Chris Kunitz aims to give Blackhawks every drop he has left in push for playoffs

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Chris Kunitz scored his third Blackhawks goal in Monday’s victory over the Coyotes. (Photo by Jonathan Daniel/Getty Images) ORG XMIT: 775221159

It’s probably more than a safe bet that veteran winger Chris Kunitz’s first season with the Blackhawks also will be his last. Is this the career swan song for the four-time Stanley Cup winner, who will turn 40 in September?

‘‘No, no, still [undecided],’’ Kunitz said before the Hawks’ 7-1 victory Monday against the Coyotes in a must-win game at the United Center. ‘‘I’m just enjoying every day. Every time you get a chance to go out there and play, you want to make sure you go out and put your best foot forward. That’s all I’m focused on.’’

Kunitz put the Hawks ahead 4-1 in the second period with his third goal of the season, scoring off a dazzling pass from David Kampf. Coyotes goalie Darcy Kuemper got the hook after the play and was replaced by Calvin Pickard.

More than halfway into his 15th NHL season, Kunitz probably would have had a hard time explaining just what the heck he was doing in Chicago. He hardly lit it up for the Hawks early on, but at least he was in the lineup for 19 of their first 20 games.

Then came possibly the most dispiriting stretch — 21 healthy scratches in 28 games — in a distinguished career that includes more than 1,000 games played. Whatever coach Jeremy Colliton was envisioning for the Hawks at the time, Kunitz wasn’t in the picture. That was a real bear to deal with.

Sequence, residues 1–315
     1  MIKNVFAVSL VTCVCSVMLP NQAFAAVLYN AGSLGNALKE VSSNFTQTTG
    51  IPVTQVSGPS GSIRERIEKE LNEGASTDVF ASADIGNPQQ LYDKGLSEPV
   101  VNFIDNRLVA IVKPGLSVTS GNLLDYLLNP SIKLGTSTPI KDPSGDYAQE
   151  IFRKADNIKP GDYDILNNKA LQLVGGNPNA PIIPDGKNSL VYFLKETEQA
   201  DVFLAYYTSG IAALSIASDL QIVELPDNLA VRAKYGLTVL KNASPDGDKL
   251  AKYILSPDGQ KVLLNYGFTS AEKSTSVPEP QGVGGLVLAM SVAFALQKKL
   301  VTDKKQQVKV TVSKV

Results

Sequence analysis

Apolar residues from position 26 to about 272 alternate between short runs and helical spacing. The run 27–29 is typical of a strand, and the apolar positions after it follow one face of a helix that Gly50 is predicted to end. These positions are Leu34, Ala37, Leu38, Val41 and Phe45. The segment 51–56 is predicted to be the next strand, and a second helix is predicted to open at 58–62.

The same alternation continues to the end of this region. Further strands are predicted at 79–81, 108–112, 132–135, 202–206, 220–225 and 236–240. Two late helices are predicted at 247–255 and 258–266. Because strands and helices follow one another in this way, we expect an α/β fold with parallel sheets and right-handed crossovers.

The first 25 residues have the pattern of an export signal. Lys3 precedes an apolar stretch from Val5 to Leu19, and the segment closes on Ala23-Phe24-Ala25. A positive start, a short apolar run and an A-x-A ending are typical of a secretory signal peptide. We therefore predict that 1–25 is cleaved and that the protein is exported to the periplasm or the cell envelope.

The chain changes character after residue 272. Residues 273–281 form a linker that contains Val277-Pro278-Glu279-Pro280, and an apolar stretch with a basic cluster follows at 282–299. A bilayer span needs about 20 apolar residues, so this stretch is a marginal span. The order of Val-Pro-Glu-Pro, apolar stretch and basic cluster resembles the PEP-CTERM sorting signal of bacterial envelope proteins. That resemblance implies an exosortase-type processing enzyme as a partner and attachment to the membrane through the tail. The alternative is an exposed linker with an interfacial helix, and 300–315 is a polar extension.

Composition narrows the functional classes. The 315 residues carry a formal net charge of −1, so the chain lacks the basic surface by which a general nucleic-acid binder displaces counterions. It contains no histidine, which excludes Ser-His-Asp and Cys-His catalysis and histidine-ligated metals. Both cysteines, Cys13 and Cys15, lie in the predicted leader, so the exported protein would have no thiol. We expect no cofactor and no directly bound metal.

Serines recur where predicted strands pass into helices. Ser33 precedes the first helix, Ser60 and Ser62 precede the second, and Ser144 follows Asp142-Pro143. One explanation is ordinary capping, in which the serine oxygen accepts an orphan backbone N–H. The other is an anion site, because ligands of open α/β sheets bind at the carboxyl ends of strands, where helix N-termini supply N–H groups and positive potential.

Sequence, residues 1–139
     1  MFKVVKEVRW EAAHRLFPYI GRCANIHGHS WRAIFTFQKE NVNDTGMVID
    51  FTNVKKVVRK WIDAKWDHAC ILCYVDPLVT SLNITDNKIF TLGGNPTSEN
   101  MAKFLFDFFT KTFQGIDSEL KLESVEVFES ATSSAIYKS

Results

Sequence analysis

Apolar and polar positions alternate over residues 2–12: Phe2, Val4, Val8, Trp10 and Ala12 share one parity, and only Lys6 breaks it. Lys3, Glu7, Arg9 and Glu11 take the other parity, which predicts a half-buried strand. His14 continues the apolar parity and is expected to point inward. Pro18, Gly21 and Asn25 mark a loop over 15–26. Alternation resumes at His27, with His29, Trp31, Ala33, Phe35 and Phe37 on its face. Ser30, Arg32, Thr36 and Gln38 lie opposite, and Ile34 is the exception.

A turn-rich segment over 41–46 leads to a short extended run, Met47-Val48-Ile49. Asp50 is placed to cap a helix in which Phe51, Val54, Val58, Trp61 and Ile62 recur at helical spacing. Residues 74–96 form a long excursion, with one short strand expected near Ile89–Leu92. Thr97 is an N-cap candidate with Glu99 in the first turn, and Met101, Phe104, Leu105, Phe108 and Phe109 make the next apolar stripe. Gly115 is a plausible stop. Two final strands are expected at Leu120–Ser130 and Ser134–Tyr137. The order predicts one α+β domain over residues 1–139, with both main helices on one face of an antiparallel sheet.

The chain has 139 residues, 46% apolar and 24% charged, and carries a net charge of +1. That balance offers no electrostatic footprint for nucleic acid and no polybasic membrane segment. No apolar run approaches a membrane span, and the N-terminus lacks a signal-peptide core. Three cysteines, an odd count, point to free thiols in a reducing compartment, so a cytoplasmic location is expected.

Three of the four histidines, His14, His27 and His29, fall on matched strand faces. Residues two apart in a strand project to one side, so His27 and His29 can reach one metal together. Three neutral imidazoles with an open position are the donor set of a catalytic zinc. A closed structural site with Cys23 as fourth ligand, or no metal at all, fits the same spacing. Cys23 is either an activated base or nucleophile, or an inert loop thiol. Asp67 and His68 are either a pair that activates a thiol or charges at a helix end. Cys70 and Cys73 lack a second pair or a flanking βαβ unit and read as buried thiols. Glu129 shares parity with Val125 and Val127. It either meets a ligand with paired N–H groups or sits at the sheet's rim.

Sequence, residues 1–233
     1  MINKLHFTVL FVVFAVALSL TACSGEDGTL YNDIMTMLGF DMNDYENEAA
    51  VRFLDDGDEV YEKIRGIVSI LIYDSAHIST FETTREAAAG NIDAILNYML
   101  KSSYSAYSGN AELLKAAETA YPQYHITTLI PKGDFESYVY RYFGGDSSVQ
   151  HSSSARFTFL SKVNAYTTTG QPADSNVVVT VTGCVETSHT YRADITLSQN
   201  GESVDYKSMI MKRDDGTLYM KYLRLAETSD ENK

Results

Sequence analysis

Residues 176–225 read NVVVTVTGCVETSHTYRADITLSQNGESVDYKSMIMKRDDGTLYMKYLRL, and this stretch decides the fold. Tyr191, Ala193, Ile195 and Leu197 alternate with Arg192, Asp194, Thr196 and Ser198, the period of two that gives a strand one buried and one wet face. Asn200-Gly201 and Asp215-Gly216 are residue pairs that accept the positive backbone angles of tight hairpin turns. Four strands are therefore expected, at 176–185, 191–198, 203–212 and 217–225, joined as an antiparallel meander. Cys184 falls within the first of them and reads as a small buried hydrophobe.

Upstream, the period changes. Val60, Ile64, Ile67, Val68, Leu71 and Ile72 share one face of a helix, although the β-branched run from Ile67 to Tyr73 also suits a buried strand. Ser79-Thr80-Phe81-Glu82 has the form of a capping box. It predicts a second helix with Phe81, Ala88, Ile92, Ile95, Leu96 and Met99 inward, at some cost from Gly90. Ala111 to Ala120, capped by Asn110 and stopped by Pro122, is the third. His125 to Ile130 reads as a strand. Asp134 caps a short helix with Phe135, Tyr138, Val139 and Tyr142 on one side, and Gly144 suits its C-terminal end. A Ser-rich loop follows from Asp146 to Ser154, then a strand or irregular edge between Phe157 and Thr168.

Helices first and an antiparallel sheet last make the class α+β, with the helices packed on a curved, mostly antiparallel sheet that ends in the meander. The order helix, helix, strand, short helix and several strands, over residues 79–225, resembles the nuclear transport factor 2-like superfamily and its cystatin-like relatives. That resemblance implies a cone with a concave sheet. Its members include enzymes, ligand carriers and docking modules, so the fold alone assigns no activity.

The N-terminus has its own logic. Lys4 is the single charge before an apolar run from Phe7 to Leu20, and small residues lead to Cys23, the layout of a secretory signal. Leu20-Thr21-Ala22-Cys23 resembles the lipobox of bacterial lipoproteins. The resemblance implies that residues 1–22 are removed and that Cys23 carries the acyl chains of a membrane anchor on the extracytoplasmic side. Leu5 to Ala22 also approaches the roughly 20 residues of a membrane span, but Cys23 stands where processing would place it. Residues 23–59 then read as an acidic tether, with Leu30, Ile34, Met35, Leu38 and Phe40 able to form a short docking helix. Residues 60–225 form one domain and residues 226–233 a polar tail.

‘‘It took a toll on the mental side of [my] game this year,’’ he said.

But Kunitz wrestled the bear to the ground and has played his way into a steady — if not vital — role on the team, appearing in all but three of the last 21 games.


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‘‘I’ve always done the best when I’ve had a role and kind of understood it,’’ Kunitz said.

As the Hawks head into their final 13 regular-season games — the playoffs still a possibility, no matter how fleeting — it can’t be a bad thing to have a guy in the mix who has 178 games of postseason experience to his credit. That’s 50 more than captain Jonathan Toews, next in line on the team.

Point taken

Toews carried the puck up the right boards, deked past defenseman Jakob Chychrun, traveled deep in the Coyotes’ zone and put a perfect pass on the stick of Brandon Saad in front of the net. Without moving his stick so much as an inch, Saad redirected the puck past Kuemper for a 2-1 lead in the first period.

The assist was Toews’ 70th point of the season, the second-highest total of his career. With 13 games to go, he should surpass the 76 he scored in 2010-11.

No pain, no gain

Defenseman Connor Murphy still can close his eyes and practically feel — with a wince — the pain caused by the direct hit of a screaming puck last season in Pittsburgh.

‘‘It got me in the junk, right in between the legs,’’ he said. ‘‘I had to go back behind the bench because I thought I was going to throw up. That was the worst pain I’ve ever been in from a blocked shot.’’

Talk about a ‘‘lower-body’’ injury.

Fortunately, Murphy was none the worse for wear despite having blocked seven shots in the Hawks’ 2-1 victory Saturday in Dallas.

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